These young adults that approached me today were growing up right before my eyes. Some had risen above very difficult circumstances. Many had extremely tough lives and parents with drug and alcohol abuse problems. Some were and still are responsible for their younger siblings when their parents work double and triple jobs, or have multiple jobs themselves. One or two have lost their parents from cancer. Some can’t afford the school lunches which are no longer given to them because their families qualify for free and reduced lunches. They share their food with one another. Many, because English is not spoken at home, have struggled with the advanced course load and high-end vocabulary and had to take countless summer remedial classes. They have to visit Charity Newsies to get uniforms that fit. But they are making it. Not one of the upper classmen I spoke to seemed adrift and without hope. Every senior had colleges in mind and some had already been accepted to prestigious universities like Notre Dame and Miami University of Ohio. They are making it.

I honestly and unabashedly admit that I take credit for their success. I know that with the amazing help of my dedicated colleagues that WE cemented in their brains the belief that they could achieve anything they set out to do. We preached college, helping your fellow man, and becoming an important citizen. We pushed them to believe in themselves when no one else would. We challenged them, argued with them, and most importantly, listened to them when they needed it most.

all the hard work I do matters. They listened.

read more

I Know I Taught This!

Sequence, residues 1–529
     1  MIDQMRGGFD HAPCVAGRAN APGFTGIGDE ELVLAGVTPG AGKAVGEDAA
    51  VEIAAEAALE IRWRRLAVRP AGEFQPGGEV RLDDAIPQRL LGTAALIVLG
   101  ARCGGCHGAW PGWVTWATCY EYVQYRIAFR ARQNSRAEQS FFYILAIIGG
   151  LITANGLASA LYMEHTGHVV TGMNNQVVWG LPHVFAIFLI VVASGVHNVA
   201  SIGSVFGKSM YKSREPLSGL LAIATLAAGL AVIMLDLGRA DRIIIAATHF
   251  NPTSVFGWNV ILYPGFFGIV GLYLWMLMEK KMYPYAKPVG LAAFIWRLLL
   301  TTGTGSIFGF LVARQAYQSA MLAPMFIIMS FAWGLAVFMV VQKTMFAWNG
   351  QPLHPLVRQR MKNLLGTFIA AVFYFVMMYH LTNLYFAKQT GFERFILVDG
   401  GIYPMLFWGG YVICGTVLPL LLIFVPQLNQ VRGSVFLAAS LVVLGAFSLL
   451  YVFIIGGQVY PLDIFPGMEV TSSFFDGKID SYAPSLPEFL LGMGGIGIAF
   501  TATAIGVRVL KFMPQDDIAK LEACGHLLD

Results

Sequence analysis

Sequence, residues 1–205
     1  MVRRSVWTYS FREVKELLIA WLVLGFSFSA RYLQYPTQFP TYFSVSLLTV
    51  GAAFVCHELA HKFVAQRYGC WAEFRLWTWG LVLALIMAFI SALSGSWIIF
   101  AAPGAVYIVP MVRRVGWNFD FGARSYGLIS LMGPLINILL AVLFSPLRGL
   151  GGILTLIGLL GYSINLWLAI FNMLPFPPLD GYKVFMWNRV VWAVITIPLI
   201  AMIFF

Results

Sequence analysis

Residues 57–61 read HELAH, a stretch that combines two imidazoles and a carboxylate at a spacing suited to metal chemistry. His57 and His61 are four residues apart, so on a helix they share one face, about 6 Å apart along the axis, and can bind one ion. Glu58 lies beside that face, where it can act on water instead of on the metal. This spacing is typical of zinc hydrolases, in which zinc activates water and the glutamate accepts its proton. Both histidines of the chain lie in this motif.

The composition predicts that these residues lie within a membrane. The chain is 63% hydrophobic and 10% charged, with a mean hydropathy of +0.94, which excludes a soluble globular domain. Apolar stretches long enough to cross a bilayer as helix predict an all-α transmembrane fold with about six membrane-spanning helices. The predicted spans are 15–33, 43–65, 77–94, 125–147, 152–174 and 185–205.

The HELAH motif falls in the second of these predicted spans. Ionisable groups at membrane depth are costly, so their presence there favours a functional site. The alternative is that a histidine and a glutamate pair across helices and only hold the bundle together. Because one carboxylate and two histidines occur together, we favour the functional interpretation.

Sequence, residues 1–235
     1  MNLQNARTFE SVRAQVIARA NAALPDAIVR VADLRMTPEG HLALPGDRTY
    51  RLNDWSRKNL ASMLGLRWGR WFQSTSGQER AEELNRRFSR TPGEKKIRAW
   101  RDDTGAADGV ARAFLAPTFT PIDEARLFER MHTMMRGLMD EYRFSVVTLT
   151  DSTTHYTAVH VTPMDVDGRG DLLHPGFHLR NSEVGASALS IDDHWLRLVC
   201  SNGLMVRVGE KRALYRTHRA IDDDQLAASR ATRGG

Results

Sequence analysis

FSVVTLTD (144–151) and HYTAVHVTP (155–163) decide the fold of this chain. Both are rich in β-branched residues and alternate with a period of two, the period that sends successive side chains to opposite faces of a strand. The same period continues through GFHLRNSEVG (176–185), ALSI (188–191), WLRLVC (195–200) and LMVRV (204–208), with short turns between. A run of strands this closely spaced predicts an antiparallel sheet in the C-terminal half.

I know I taught this lesson. I remember preparing for it, searching for hours for all kinds of riveting information, making endless copies, designing well thought out notes, creating guided notes to help support any struggling students, finding corresponding videos to reinforce the visual and auditory learner, finding resource books for extension exercises, and yet…no one but me seems to remember.

Did I dream it? Was it another class? No, I remember it clearly, Jaime won a cookie for having the most correct answers during the review game, Matthias was upset because Jaime won the cookie, I know I taught this lesson and it was brilliant! Why am I the only one who remembers it?

Another teacher uses my classroom during first period. She is dynamic, humorous, and knows her material inside and out, yet the students often look at her blankly. She looked at me and said, “I know I taught this, do you remember me teaching this?”  It is nice to know it is not just me losing my mind as I deliver stupefying lessons with dead stares. Lori said it well in her latest post, Hey, Can Anyone Hear Me!

read more

I know as educators we have all been there. We come up with a fantastic, unbelievable, riveting lesson and are in the middle of delivering and inspiring speech….pause…. look around and see….. blank, uninterested eyes staring back at us.

This is unbelievable to us. How could they NOT be interested? How could they not be invested in this lesson that took me four hours to research and perfect? Why don’t they see the brilliance behind my delivery? Why? Why? Why?